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SUPERCONDUCTIVITY An Emerging Technology for Power Systems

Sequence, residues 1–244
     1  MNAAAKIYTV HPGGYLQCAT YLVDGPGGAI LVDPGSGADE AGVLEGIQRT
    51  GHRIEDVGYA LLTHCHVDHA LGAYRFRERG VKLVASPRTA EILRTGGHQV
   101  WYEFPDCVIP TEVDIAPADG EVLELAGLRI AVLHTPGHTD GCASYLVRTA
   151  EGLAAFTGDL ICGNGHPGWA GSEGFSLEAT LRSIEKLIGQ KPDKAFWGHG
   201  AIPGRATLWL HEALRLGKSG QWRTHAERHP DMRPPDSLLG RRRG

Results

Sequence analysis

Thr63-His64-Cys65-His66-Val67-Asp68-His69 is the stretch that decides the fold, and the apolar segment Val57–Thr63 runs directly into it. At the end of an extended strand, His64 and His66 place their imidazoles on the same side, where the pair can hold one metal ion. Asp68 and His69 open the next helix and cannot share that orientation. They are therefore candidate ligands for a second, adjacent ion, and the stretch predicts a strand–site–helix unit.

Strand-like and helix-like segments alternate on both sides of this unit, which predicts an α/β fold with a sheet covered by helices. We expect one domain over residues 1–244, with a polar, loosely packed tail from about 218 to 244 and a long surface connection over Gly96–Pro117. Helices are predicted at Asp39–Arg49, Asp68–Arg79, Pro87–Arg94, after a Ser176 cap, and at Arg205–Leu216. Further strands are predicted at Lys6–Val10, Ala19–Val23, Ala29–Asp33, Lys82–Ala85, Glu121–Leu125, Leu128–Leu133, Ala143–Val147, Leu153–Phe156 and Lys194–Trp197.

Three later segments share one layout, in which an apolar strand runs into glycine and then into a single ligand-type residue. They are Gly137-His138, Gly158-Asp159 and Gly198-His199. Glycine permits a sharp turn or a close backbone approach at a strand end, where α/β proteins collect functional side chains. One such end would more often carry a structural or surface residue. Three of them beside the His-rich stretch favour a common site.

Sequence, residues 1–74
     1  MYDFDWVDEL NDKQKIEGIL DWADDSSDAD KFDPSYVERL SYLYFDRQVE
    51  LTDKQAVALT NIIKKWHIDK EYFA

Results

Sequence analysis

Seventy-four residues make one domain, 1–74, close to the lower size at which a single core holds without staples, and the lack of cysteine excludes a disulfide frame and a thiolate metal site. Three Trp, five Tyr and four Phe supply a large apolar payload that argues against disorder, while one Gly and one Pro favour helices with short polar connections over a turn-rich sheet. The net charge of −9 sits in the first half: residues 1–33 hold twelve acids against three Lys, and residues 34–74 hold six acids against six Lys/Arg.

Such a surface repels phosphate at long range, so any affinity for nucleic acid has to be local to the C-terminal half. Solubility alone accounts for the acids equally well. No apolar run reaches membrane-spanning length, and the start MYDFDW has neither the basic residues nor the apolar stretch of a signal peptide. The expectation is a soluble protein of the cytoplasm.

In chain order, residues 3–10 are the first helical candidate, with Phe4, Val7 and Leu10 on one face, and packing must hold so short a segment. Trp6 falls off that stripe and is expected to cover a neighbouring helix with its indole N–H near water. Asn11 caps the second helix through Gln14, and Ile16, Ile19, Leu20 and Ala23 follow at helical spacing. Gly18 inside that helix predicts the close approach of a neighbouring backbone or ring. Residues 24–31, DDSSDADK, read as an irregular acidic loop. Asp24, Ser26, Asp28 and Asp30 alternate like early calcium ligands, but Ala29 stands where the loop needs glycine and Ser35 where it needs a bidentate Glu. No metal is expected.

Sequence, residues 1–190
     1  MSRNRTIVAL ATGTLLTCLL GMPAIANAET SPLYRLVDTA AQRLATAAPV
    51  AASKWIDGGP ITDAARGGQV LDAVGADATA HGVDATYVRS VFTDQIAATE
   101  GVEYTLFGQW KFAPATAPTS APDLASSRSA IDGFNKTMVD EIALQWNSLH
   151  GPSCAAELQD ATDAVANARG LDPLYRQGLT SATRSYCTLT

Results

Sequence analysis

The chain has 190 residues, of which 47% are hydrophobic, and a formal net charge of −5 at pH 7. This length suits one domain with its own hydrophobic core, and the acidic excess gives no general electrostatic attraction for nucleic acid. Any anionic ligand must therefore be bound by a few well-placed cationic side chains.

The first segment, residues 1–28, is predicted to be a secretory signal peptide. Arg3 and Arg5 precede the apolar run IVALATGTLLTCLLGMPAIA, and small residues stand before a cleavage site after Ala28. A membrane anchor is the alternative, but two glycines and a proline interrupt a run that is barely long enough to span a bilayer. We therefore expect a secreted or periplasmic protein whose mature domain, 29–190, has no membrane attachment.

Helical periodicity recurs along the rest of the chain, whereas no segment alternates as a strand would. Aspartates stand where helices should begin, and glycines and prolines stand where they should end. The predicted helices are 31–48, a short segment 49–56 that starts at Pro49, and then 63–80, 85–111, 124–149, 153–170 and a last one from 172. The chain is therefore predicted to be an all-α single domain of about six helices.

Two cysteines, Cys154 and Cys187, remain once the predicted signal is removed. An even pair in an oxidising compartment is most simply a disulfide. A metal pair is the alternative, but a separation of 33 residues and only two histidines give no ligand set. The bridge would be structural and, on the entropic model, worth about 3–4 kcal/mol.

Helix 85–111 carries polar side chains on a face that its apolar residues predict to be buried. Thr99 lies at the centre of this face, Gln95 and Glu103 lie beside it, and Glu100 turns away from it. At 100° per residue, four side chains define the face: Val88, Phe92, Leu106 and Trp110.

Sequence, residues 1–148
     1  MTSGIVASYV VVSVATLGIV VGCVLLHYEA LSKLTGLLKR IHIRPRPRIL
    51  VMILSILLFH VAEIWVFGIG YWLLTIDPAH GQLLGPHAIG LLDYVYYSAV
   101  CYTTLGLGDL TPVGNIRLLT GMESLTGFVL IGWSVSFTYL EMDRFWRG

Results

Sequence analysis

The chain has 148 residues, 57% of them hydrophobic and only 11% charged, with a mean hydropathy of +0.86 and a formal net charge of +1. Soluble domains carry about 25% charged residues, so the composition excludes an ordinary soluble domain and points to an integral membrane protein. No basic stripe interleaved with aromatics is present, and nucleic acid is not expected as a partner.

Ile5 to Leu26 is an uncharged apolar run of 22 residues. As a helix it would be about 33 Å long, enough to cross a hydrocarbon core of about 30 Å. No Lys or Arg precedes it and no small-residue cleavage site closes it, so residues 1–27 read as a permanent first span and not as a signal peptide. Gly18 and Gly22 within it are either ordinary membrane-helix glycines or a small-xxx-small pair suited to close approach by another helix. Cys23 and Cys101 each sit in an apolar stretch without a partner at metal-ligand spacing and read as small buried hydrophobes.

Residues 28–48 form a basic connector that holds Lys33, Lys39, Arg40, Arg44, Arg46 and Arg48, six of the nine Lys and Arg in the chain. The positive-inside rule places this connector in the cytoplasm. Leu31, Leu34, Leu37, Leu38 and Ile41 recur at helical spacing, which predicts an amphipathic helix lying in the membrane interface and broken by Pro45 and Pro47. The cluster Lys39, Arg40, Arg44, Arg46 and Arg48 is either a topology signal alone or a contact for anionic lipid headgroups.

As the world becomes more "electrified", efficient distribution and use of electrical power becomes increasingly important. The use of superconducting materials significantly reduces electrical energy loss in the distribution and use of electrical power as well as producing significant reductions in size and weight of power components and machinery. Although superconductivity was first discovered in 1911 the requirement of an extreme "cryogenic" environment (near absolute zero temperature) limited its utility. With the discovery in 1986 of a new class of "high temperature superconductors (HTS)" that operate at substantially higher temperatures (although still cryogenic), remarkable progress has been made in advancing a broader use for superconducting technology. Full scale demonstrations are now being built to develop engineering skills required for systems implementation of this new HTS technology and to better quantify system benefits. This talk will briefly review some of the fundamental attributes of superconductivity before turning to the main focus of the talk describing ongoing power demonstration projects (transmission lines, transformers, motors/generators, etc.). I will end with thoughts on what it will take to realize the full potential of these emerging superconducting technologies.